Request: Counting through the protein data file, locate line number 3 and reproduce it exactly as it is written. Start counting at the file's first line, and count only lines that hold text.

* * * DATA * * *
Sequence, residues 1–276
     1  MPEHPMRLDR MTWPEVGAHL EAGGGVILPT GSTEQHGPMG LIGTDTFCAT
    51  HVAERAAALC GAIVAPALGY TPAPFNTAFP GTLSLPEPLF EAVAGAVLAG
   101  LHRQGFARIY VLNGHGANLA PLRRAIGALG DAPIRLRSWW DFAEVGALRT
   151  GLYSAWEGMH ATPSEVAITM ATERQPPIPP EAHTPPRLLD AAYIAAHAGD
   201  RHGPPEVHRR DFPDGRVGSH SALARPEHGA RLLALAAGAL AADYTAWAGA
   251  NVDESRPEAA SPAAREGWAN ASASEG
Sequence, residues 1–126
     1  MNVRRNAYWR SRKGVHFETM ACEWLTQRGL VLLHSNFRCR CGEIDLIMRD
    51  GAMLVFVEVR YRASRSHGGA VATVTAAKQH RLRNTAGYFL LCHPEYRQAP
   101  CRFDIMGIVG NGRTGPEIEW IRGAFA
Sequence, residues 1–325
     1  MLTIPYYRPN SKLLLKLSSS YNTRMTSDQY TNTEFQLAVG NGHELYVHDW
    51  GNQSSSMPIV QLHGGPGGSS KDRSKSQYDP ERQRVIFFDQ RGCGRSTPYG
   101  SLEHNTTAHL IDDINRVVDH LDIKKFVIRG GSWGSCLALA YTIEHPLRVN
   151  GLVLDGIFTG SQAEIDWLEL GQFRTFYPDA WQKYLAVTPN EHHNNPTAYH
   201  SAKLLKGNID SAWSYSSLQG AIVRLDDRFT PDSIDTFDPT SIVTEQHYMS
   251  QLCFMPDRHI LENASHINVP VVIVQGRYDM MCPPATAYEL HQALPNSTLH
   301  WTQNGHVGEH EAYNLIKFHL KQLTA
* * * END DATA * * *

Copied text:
    51  HVAERAAALC GAIVAPALGY TPAPFNTAFP GTLSLPEPLF EAVAGAVLAG